254 Mr Winston Churchill, U.K. Prime Minister (in the United States), to Mr John Curtin, Prime Minister

Cablegram Winch 2 [WASHINGTON, 3 January 1942, 4.30 a.m.] [1]


1. Your Johcu number 14. [2]

General Wavell's [3] command area is limited to the fighting zone where active operations are now proceeding. Hence it does not include Australia, New Zealand and communications between the United States and Australia or indeed any other ocean communications. This does not of course mean that these vital regions and communications are to be left without protection so far as our resources admit. In our view the American Navy should assume responsibility for communications to the eastwards including islands right up to the Australian or New Zealand coast.

This is what we are pressing [for]. Admiral King' has just been given full powers over the whole of the American Navy and he has not yet accepted our view. Obviously, if I cannot persuade the Americans to take over, we shall have to fill the gap as best we can but I still hope that our view will be accepted in which case of course any vessels we or you have in that area will come under United States direction while operating there. There never has been any intention [of making a] main allied concentration in the newly defined southwest Pacific theatre and I do not know where you got this from.

2. I [now] sen[d] you the letter of instructions to General Wavell [5] which has been agreed to by the President [6] and the American Chiefs. [A statement upon the Wavell appointment will be made public shortly, and I will see you get it in good time for synchronisation of release.]

3. Your telegram 166 of 29th December. [7] The Staff appreciation to which you refer was prepared in London and, like all documents of this character, constitutes a general survey of the situation rather than final plans for action. It is in any case largely superseded by the appointment of Wavell as Supreme Commander.

Nevertheless I have laid it before the Chiefs of Staff who are with me here and I have no doubt that they will take to heart the various comments you have been good enough to make upon it.

4. Night and day I am labouring here to make the best arrangements possible in your interests and for your safety, having regard to other theatres and other dangers which have to be met from our limited resources. It is only a little while ago that you were most strongly urging the highest state of equipment for the Australian Army in the Middle East. The battle there is still not finished though prospects are good. It would have been folly to spoil Auchinleck's [8] battle by diverting aircraft, tanks etc. to Malay Peninsula at a time when there was no certainty that Japan would enter the war. The eas[ing] up of the Caucas[us] danger through Russian victories and Auchinleck's successes have made possible the considerable reinforcements, at the temporary expense of the Middle East, of which you have been advised and which are also justified because Malaya has now become a war theatre.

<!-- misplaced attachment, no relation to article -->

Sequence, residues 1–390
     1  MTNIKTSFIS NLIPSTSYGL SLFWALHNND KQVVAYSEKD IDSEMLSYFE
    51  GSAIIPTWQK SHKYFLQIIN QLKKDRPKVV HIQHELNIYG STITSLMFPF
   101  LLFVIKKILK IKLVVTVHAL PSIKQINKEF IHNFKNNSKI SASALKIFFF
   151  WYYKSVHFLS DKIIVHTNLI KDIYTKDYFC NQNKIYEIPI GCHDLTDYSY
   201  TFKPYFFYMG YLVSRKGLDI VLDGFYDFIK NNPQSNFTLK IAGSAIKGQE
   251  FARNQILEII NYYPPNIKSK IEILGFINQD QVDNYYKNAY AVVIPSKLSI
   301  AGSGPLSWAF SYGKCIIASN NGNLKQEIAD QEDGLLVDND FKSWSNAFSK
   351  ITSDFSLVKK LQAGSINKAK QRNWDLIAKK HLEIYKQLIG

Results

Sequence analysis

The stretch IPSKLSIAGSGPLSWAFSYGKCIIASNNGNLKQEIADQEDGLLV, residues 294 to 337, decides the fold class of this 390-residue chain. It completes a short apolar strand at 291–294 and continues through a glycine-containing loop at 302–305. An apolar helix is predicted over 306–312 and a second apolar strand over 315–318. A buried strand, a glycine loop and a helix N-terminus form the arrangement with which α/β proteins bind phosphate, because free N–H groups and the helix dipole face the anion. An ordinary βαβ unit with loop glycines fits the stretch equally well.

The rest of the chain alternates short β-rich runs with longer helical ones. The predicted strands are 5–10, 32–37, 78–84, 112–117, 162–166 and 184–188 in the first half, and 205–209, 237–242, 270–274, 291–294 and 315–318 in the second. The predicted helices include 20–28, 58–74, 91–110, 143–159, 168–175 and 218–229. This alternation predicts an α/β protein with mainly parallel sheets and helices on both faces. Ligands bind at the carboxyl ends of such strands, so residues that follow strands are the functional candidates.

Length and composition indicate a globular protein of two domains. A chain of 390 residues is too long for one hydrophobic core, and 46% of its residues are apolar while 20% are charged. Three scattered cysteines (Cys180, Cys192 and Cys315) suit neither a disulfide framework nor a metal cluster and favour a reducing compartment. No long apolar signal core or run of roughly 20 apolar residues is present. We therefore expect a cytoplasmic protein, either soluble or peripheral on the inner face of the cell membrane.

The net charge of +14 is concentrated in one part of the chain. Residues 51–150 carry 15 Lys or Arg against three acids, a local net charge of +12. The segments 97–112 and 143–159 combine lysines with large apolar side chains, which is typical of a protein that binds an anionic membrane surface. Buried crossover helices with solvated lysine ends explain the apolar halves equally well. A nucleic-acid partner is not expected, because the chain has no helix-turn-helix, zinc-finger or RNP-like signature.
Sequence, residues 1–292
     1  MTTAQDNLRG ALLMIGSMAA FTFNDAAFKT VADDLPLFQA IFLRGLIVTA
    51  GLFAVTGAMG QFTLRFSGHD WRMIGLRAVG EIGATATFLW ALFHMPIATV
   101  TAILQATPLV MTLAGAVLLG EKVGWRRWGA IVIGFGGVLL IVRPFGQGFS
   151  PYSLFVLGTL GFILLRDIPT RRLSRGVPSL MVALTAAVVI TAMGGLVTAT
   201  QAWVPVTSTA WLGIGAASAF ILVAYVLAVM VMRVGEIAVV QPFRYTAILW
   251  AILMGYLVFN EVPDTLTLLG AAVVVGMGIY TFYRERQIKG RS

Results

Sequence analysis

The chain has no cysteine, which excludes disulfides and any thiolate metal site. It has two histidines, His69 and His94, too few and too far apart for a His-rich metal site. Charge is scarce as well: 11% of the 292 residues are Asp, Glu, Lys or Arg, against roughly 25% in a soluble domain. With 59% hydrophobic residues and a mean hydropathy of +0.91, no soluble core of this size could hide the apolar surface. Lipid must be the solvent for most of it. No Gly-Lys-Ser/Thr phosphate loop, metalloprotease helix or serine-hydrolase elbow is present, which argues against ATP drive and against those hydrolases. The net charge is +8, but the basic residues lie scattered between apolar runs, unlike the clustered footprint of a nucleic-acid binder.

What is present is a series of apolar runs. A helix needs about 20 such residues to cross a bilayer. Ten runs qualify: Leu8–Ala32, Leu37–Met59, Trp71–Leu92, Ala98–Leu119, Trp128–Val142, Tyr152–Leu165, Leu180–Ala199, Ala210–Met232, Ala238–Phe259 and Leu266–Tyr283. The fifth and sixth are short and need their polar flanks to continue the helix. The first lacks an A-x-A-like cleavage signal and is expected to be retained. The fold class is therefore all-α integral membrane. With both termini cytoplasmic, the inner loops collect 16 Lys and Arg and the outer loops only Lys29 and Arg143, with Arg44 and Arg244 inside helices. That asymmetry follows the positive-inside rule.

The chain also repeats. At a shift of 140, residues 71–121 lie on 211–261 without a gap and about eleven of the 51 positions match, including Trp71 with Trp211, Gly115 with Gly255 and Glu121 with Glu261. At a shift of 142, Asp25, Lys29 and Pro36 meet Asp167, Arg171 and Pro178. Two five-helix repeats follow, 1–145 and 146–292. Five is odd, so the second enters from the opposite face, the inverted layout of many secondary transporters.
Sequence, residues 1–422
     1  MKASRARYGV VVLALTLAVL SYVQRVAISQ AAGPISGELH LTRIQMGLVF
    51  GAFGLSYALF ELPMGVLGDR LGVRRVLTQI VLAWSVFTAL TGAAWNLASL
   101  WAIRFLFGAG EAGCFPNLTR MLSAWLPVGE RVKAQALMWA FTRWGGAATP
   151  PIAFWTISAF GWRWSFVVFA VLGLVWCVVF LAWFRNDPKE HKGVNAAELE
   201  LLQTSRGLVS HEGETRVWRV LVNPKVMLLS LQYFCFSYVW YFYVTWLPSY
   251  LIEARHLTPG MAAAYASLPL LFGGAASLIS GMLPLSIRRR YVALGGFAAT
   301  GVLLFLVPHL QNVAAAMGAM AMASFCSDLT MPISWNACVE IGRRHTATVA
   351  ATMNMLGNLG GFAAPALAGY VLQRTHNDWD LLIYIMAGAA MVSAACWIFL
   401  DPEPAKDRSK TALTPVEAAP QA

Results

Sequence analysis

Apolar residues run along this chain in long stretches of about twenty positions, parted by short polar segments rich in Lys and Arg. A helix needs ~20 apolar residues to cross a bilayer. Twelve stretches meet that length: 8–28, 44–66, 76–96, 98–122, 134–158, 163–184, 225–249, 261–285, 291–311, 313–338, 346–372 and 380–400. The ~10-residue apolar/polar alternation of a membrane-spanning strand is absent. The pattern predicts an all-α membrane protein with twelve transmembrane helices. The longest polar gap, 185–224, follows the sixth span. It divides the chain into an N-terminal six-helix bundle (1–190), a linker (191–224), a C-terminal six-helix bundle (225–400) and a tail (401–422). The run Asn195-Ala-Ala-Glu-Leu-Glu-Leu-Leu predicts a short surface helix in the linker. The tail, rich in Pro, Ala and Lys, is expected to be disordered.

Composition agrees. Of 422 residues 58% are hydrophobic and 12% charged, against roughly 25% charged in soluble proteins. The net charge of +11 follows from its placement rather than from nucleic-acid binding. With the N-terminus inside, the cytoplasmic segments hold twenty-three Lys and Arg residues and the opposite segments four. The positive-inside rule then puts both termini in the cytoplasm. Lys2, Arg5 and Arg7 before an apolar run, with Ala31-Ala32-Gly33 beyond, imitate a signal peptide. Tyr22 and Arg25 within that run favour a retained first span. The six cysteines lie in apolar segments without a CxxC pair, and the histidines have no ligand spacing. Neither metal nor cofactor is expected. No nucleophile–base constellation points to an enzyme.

5. I have been in close consultation with Casey [9] who has been of great help in presenting your view and anxieties.

6. I also send you in my immediately following telegram [10] a note by the First Sea Lord [11] on the Naval aspect of the Pacific war which, as you will see, is very different from what would have prevailed before the power of the air became so dominant.

1 Material in square brackets has been corrected/inserted from the Washington copy on file AA:A3300, 219. This cablegram was dispatched to London and retransmitted to Canberra at 4.37 a.m. on 4 January (see the copy on file AA:A981, War 54).

2 Document 247.

3 See Document 252, note 4.

4 Commander-in-Chief, U.S. Navy.

5 See cablegram Winch 1 of 4 January on file AA:A981, War 54.

6 Franklin D. Roosevelt.

7 Document 237.

8 U.K. Commander-in-Chief in the Middle East.

9 Minister to the United States.

10 Document 255.

11 Admiral of the Fleet Sir Dudley Pound.

[AA:A981, WAR 54]